Arsenio Hall back on late-night TV
By BILL ZWECKER September 5, 2013 9:28PM
3-9-07 Staff mug shot of Bill Zwecker. photo by Jean Lachat/Sun-Times
Updated: October 7, 2013 1:13PM
He’s baaack! Arsenio Hall, who made a groundbreaking leap into TV talk in 1989, is returning to the late-night chatfest scene with the new, nationally syndicated “Arsenio Hall Show,” debuting at 10 p.m. Monday (WGN-Channel 9).
Since his old program was canceled back in 1994, Hall largely slipped out of the popular consciousness — until his recent triumph, becoming the winning contestant on Donald Trump’s “Celebrity Apprentice.”
During a recent Chicago visit, I sat down with Hall, 57, over breakfast where he expounded on the crowded late-night talk show scene, how he’s changed, and what he thinks he can bring to the TV game today.
Q. Since you left late night in ’94, a lot has changed. How will you adjust to that?
A. You have to, no question. First of all, reality TV has had a huge impact on the whole scene, including who you might want to get as guests. Also, when I left, there were no cellphones. Google was usually a mispronunciation by somebody with a speech impediment or something. And Twitter! When I went off the air, everybody was trying to be pretentious — and they were big Hollywood stars.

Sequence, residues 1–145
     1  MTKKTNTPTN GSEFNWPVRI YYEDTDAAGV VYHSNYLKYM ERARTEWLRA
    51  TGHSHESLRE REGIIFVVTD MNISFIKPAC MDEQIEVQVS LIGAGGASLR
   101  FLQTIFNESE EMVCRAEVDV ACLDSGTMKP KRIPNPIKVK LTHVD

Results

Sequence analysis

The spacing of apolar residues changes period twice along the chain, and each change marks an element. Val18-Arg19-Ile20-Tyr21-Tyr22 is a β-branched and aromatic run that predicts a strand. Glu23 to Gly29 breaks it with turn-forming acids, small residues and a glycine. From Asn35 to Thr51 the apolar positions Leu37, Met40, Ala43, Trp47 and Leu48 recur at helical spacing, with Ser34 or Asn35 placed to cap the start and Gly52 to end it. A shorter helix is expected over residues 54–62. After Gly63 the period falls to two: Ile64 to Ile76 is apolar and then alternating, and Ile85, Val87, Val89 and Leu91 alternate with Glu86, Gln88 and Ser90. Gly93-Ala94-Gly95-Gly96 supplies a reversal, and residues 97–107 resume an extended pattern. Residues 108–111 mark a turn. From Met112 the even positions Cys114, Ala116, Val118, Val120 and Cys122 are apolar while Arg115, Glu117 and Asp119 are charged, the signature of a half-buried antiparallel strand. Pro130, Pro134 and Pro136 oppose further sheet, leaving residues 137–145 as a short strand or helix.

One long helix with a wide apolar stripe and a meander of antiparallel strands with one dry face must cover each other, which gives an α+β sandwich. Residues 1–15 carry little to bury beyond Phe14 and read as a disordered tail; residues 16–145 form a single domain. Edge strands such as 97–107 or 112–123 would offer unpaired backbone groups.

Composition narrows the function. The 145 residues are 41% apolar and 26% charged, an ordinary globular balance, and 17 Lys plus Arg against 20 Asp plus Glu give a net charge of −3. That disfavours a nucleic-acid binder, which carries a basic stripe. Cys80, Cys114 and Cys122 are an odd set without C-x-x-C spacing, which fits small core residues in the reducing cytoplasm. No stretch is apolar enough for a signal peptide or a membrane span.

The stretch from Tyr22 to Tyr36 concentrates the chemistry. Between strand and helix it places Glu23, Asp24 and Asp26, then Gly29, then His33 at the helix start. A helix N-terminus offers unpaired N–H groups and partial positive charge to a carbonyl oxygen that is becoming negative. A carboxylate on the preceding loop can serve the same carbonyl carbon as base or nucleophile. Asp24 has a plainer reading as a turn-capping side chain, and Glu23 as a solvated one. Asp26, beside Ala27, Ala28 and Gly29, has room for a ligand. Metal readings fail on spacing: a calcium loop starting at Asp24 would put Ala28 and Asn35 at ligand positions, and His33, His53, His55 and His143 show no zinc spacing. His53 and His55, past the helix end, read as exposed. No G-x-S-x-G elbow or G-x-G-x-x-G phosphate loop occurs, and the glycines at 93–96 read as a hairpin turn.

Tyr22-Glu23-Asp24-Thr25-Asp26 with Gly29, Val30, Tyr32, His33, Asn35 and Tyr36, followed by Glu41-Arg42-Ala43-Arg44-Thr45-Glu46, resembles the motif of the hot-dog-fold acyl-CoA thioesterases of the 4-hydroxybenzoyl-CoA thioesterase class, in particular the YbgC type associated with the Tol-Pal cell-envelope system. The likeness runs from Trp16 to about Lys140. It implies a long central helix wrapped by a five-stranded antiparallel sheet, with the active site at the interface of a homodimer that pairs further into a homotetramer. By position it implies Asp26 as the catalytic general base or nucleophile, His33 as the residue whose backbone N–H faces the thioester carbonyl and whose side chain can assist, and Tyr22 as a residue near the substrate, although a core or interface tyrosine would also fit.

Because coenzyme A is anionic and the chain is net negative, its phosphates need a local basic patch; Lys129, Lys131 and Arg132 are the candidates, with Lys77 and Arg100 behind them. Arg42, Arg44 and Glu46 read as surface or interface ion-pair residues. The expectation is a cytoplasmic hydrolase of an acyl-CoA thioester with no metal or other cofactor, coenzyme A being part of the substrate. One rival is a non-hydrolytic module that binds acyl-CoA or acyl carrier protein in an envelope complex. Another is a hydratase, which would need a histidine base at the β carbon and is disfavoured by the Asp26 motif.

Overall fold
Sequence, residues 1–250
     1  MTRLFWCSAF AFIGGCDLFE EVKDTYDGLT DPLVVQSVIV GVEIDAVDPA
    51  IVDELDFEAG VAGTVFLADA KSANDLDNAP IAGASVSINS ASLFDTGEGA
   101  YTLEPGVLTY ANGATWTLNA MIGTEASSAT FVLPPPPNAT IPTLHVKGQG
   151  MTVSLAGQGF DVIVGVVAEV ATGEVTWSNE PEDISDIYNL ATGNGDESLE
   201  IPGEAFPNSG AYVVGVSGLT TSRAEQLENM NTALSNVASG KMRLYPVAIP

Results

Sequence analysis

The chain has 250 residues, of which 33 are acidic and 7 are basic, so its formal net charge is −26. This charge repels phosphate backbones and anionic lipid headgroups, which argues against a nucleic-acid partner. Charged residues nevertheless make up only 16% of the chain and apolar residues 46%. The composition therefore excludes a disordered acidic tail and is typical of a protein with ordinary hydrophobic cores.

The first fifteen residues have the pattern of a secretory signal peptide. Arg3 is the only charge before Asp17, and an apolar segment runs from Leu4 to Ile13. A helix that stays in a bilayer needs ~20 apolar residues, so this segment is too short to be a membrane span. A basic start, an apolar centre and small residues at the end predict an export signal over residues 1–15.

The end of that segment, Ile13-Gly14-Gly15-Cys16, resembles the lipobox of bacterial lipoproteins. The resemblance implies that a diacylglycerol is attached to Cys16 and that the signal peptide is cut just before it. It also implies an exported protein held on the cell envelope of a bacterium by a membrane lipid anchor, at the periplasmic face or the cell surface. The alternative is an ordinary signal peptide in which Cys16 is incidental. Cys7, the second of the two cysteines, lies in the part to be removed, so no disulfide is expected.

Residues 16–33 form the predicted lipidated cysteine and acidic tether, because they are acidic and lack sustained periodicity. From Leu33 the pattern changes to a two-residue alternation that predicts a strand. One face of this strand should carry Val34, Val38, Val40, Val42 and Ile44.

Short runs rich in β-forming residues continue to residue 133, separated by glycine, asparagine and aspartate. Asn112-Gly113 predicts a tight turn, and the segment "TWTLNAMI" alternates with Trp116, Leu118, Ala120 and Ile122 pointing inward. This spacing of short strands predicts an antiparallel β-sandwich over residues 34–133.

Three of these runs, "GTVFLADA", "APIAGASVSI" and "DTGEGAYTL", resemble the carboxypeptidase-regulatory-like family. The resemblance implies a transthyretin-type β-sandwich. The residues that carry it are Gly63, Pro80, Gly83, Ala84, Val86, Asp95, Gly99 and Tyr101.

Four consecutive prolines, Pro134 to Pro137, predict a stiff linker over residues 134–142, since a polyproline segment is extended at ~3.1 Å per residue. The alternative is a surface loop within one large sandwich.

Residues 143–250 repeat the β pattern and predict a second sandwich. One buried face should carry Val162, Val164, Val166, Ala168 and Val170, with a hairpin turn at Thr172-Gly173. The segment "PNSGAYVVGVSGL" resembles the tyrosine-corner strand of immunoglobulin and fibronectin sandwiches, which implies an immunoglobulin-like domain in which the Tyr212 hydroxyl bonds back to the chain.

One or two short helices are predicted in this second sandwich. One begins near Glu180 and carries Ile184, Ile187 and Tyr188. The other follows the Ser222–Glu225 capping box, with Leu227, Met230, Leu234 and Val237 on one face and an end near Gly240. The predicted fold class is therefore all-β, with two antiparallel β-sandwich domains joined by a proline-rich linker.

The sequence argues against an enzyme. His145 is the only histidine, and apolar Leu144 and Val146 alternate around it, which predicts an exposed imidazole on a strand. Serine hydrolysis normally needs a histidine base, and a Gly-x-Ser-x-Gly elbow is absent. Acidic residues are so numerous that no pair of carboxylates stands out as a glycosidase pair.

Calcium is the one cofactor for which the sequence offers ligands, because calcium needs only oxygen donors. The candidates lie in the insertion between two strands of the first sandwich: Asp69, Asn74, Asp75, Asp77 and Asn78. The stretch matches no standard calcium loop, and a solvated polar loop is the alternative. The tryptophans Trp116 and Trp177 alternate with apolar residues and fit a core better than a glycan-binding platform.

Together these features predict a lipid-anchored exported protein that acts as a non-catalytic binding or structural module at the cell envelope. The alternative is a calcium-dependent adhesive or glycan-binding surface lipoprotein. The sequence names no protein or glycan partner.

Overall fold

Now, you wake up in the morning and you say hello to your followers! It is no longer at a distance, waving at a parade once a year. Social media has totally changed the relationship between entertainers and fans.
But I will try to find a balance between my old show and doing new things. At the end of the day, I’m a standup [comic] and the great thing is it is so much easier to do what I do, because now the boundaries are stretched a lot more than they were in the early ’90s.
You were the first African American to host a national late-night talk show. Today that isn’t a big deal. How do you see it?
So, happily, today, you turn on Letterman and he’s got rappers on. Or Leno’s got Kobe [Bryant] or a black comic doing standup — and it all feels natural. That’s good.
Q. How have you changed over the past two decades?
A. I hope I’m a little smarter. I think the best possible thing in the world is for a man to have a child. I have a 13-year-old, and nothing can take some of that selfishness — like you get so much of in Hollywood — and put it in check, than to have a son.
Q. Will you get political